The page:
We've also got a load of societies-we cover all major sports, quite a few niche ones, including fencing, archery, and Quidditch. Alongside those we've a load of societies, including covering the main political parties, debate, roleplaying, computer games, Counselling, anime, all sorts. Making friends-definitely not a problem. Due to my circumstances-I kind of avoided making friends at first due to not wanting to say goodbyes when I left the UK (I'm an ex-pat). Suffice to say, I have made some of the best friends I could ever have and know the most amazing people as a result of my time at. Chester. Combined with the fact that you're doing English, you'll be fine. From my own experience, a lot of people who do English tend to do it with another English related subject-English language, Drama, Creative writing etc, so you'll be seeing a lot of the same people and you'll naturally become friends as a result. Seriously, Vhester is an awesome uni and I don't think you'd regret making your choice to come to us.
0
reply
KindofGood
Badges: 7
Rep:
?
#5
Report 6 years ago
#5
(Original post by Lil2wkd)
Of course


I can definitely answer some of this! A brief background, some of it relevant: I graduated in Counselling Skills with English Lit (English was my minor) last year, and I was a mature student with confidence issues.

If you've heard good stuff about our English courses, its all pretty much true. Not all the lectures etc take place in the Vicarage as there simply isn't the space, but the more weighted your course is to English, the more likely you'll have something there. The lecturers are lovely people, very welcoming and friendly, and really good at getting back to you when you need help. They're eccentric too, which at least for me was a big bonus!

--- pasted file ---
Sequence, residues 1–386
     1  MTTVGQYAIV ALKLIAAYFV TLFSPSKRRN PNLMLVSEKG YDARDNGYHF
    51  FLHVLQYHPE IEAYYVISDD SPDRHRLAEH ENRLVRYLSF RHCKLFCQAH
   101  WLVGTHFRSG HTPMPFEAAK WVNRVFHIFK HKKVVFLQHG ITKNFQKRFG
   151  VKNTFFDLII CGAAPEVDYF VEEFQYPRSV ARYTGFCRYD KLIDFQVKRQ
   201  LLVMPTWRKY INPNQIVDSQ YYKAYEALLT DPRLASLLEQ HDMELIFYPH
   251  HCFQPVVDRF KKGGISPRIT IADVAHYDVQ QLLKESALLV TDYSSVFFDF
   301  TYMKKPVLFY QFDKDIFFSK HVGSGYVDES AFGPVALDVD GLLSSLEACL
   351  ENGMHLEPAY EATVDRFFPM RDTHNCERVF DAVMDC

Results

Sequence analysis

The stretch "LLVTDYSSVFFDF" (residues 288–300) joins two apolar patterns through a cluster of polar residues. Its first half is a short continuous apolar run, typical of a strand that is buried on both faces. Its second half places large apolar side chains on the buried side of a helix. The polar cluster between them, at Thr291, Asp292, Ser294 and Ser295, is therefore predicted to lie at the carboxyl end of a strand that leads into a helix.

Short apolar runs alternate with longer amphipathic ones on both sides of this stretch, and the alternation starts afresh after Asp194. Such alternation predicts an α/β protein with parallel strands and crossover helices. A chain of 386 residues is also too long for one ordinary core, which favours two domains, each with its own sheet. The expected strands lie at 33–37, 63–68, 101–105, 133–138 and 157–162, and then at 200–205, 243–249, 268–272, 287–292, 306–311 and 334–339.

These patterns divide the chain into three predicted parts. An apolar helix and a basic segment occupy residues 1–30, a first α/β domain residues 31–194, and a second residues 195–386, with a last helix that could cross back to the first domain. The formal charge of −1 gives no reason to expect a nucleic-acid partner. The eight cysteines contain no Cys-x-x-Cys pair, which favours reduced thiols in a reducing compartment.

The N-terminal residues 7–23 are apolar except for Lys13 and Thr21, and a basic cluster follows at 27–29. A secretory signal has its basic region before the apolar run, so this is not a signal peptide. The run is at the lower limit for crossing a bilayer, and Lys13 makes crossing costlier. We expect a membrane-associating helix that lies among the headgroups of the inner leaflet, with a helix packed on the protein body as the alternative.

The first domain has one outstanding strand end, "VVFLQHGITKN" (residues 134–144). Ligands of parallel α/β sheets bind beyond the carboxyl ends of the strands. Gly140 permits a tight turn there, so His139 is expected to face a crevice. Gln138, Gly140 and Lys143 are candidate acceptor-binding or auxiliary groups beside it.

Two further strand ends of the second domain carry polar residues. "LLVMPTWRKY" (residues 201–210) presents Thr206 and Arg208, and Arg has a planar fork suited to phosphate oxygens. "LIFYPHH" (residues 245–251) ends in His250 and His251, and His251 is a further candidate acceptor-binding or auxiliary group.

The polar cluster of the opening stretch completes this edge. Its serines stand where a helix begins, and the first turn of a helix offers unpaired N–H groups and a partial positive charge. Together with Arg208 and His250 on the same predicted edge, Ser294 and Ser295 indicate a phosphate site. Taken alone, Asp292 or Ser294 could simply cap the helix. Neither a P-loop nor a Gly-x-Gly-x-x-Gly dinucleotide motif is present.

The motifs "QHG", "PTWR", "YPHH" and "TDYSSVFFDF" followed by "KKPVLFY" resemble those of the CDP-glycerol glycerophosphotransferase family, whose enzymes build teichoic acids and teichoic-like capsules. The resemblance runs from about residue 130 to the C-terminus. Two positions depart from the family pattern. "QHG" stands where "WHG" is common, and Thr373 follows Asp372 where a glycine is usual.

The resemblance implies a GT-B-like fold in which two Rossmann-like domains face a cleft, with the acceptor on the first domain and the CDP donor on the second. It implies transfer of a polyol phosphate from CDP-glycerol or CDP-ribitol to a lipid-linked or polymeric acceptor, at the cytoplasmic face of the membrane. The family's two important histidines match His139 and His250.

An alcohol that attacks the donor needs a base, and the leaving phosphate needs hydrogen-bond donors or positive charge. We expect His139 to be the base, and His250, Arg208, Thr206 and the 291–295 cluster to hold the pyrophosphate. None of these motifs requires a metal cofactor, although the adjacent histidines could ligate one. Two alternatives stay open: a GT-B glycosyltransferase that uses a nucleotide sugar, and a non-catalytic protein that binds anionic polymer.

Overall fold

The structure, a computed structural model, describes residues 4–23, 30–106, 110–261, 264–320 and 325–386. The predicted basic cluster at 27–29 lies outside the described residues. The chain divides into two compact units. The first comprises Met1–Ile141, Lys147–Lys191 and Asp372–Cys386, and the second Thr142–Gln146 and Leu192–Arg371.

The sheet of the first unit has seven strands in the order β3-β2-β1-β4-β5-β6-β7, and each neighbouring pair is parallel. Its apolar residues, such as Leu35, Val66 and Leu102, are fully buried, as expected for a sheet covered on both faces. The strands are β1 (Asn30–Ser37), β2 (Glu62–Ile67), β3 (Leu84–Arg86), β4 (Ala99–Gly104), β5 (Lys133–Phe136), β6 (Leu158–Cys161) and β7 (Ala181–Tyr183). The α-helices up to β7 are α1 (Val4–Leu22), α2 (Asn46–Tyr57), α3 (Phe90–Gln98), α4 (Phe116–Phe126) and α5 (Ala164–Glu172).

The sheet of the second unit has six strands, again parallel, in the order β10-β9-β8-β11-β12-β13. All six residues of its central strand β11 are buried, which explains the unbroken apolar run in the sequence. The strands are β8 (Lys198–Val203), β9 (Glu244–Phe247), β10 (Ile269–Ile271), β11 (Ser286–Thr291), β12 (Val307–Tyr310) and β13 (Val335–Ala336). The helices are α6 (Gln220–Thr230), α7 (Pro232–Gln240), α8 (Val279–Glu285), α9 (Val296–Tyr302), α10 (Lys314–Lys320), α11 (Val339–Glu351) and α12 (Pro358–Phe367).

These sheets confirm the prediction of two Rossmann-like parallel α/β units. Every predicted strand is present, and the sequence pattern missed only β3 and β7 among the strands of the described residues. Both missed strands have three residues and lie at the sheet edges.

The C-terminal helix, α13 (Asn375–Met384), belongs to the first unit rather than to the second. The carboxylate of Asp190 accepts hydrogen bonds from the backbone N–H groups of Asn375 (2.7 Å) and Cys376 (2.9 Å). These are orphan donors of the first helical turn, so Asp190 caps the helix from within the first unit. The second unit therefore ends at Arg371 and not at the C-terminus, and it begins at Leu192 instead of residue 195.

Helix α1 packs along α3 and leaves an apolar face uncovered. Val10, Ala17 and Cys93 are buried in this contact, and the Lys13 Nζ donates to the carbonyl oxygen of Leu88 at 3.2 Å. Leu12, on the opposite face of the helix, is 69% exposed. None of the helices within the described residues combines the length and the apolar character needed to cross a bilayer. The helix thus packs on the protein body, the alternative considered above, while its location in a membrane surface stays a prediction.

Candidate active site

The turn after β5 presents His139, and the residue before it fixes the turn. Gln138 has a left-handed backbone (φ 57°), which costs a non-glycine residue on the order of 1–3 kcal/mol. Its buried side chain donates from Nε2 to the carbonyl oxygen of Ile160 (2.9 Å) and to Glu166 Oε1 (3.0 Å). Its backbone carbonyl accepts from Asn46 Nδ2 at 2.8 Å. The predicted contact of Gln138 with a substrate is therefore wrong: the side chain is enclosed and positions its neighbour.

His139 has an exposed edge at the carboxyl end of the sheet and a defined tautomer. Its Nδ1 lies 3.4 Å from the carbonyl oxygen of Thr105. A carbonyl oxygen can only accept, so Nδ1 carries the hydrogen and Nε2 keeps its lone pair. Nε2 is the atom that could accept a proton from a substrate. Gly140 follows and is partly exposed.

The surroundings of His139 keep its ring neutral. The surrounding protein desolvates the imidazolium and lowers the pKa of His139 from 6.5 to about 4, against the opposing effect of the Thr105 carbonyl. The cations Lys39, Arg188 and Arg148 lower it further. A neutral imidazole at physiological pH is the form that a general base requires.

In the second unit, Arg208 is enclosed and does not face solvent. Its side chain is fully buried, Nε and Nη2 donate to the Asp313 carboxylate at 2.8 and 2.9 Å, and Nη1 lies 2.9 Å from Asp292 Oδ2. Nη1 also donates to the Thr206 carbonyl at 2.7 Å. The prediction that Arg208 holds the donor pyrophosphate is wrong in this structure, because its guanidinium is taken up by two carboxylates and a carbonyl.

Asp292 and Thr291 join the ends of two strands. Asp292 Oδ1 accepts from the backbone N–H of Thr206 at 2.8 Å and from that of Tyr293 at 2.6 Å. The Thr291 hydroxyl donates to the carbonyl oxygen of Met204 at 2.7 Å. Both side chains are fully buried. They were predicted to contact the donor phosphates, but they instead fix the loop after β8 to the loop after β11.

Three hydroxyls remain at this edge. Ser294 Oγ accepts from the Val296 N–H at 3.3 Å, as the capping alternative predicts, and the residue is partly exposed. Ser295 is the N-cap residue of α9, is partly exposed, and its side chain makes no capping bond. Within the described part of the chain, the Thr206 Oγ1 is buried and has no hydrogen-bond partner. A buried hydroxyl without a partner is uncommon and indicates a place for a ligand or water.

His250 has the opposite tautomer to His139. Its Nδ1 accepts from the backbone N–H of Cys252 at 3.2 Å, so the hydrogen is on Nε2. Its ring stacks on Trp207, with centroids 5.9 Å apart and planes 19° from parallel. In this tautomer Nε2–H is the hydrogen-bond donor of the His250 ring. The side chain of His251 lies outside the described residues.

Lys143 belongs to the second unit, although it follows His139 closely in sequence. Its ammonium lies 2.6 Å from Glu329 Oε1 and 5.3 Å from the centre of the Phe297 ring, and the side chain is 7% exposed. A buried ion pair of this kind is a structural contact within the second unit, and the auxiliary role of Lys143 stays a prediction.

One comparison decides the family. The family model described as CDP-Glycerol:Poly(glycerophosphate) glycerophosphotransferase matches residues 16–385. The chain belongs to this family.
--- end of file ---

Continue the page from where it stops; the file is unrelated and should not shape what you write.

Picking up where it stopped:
The course has changed a little bit since I started-I believe there's an extra module in the first year now, but it broke down for a bit like this:
Year One-The Basics. Some of this you may know from A-Level. I did not, having studied English Language, not Literature. You look at a selection of texts from Elizabethan times onwards-you dabble in a bit of everything really.
Year Two-The Romantics, Victorianism, Modules and Beyond. Everyone has to do either the Romantics or Victorianism module, and then make up the rest of the points in other Modules. This might be spread over two subjects-I did just Victorianism in English, then did a core Module and a smaller module in Counselling. Options in English include the Gothic, Sci Fi, and a module on Sanity if I recall-which usually fills up quickly. You also have to do a module in the third term, which is either Work Based Learning, a Writing Project, or a Study aboard programme. WBL might not be an option for you with English, I'm not sure.
Year Three- Modernism. Like the second year, you have to take a core module and en other modules to make up the points. I forget the choices, but one of them was Modernism, and again, the selection for the other modules is varied-Utopia, Brave New World.. And the dissertation/Writing Project I think is optional. However don't quote me on that-I was always going to major in counselling, so my information on the extra modules is definitely not confirmed as accurate-plus it was two years ago that I made the module choices.
Accommodation-I'd check other threads n here about that, I didn't get the option but basically you list your five options on the kind of accommodation you want, and the uni does it's best to fill it on a first come first served basis. I went private with my accommodation, so go again, not an expert. However I'll personally recommend going self catered, as that's what you'll be doing in second and third years anyway.